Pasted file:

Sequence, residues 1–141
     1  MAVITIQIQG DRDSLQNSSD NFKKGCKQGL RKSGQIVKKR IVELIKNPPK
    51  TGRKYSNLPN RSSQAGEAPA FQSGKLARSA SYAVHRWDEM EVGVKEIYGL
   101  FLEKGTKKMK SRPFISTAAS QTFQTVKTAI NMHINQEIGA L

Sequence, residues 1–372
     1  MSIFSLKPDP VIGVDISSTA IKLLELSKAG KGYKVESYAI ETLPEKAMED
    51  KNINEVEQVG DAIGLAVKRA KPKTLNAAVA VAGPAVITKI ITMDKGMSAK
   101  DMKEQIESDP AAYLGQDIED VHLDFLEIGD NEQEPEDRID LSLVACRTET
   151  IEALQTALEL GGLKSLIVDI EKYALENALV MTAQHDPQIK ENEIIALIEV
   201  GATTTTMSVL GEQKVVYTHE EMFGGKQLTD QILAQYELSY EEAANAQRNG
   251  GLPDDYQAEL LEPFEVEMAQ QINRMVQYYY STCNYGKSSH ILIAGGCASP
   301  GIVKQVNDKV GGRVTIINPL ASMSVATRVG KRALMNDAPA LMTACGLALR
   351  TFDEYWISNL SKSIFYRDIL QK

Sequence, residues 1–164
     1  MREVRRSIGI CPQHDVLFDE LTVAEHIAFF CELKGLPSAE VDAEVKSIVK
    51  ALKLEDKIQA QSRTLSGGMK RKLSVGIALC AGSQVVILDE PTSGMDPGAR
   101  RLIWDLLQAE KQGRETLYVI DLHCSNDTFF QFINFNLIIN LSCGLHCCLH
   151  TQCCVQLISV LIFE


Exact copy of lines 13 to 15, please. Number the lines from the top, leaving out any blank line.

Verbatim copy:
   351  TFDEYWISNL SKSIFYRDIL QK

Sequence, residues 1–164
     1  MREVRRSIGI CPQHDVLFDE LTVAEHIAFF CELKGLPSAE VDAEVKSIVK